Absolute risk increase
Difference in the absolute risk (percentage or proportion of patients with an outcome) in the exposed versus the unexposed intervention. Typically used with a harmful exposure.
Absolute risk reduction
Difference in the absolute risk (percentage or proportion of patients with an outcome) in the exposed (in intervention) (experimental event rate) versus the unexposed (control event rate). Use restricted to a beneficial exposure or intervention.
An adjusted analysis takes into account differences in prognostic factors between groups that may influence the outcome. For instance, in comparison between experimental treatment and control groups, if the experimental group is on average older, and therefore at higher risk of an adverse outcome than the control group, the adjusted analysis will show a larger treatment effect than the unadjusted analysis.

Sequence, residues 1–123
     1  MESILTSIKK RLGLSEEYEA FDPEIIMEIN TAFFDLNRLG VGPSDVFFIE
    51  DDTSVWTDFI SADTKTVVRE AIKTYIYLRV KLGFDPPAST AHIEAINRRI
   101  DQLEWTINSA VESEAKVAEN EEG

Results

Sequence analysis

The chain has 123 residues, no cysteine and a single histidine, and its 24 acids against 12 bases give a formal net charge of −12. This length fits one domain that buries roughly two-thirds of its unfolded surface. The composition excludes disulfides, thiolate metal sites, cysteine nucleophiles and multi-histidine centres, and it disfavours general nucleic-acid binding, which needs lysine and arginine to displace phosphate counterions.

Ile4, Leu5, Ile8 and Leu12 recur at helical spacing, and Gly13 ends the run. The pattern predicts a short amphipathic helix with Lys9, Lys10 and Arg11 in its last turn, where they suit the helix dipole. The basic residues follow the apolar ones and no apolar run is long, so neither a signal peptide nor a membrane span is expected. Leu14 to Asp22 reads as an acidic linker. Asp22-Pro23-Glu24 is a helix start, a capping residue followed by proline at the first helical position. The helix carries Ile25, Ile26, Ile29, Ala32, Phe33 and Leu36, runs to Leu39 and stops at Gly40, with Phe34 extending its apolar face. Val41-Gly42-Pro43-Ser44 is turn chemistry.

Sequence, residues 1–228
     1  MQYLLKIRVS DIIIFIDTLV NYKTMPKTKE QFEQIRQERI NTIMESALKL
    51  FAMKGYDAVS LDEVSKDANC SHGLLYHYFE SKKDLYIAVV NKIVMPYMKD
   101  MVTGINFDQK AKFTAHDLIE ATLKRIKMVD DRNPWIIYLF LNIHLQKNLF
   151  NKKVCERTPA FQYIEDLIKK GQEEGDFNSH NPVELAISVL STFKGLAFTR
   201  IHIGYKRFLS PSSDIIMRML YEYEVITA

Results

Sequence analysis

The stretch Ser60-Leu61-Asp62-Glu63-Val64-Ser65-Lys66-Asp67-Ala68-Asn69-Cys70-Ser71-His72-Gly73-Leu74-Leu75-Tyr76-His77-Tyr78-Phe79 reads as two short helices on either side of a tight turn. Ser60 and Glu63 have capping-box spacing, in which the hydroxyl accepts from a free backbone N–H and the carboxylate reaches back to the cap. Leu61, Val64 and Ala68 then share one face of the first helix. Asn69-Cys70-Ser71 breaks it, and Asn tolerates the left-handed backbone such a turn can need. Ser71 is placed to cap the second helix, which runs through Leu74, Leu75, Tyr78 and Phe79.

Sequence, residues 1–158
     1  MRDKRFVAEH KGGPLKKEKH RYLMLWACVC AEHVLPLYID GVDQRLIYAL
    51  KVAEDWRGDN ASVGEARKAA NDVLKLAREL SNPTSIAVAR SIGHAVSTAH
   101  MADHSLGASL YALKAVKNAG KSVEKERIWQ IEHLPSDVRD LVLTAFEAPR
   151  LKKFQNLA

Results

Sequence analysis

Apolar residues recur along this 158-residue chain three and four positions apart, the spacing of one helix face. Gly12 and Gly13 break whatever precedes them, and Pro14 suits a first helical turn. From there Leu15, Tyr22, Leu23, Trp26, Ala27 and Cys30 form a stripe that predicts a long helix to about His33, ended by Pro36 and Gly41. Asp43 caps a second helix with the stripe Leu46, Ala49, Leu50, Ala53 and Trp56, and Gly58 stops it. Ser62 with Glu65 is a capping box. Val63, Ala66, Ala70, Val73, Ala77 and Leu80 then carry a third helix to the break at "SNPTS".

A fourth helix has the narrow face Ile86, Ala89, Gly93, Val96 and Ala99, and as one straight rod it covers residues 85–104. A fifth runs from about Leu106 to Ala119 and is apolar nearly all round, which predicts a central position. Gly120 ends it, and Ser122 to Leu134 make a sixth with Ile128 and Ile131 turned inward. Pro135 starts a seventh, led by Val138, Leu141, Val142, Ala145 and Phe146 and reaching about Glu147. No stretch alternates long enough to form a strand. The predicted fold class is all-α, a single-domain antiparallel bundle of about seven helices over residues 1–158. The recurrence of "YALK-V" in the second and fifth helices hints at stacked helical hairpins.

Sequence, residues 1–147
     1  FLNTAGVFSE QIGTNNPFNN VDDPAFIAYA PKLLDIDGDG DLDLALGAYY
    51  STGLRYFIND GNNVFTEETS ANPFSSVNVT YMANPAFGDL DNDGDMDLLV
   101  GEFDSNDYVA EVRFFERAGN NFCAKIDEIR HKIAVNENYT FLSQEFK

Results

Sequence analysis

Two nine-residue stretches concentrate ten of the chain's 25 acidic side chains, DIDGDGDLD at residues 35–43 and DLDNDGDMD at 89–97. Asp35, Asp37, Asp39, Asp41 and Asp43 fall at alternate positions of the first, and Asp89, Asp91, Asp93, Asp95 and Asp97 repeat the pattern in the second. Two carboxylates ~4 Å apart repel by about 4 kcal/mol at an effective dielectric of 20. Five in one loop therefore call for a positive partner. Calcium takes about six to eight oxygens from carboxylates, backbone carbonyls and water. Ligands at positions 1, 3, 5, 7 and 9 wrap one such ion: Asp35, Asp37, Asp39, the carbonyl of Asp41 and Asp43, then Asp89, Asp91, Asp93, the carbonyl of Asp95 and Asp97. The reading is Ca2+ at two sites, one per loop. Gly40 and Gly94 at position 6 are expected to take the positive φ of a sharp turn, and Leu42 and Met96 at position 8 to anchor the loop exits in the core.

The probability of erroneously concluding there is a difference between two treatments when there is no difference. Typically, investigators decide on the chance of a false-positive result they are willing to accept when they plan the sample size for a study.
The risk of an adverse outcome in the control group of an experiment. Synonymous with control event rate.
An analysis that starts with a particular probability of an event (the prior probability) and incorporates new information to generate a revised probability (a posterior probability).
Investigation of an intervention in which the investigators compare the status of patients before and after the intervention.
A systematic tendency to produce an outcome that differs from the underlying truth.
(1) Channeling effect or channeling bias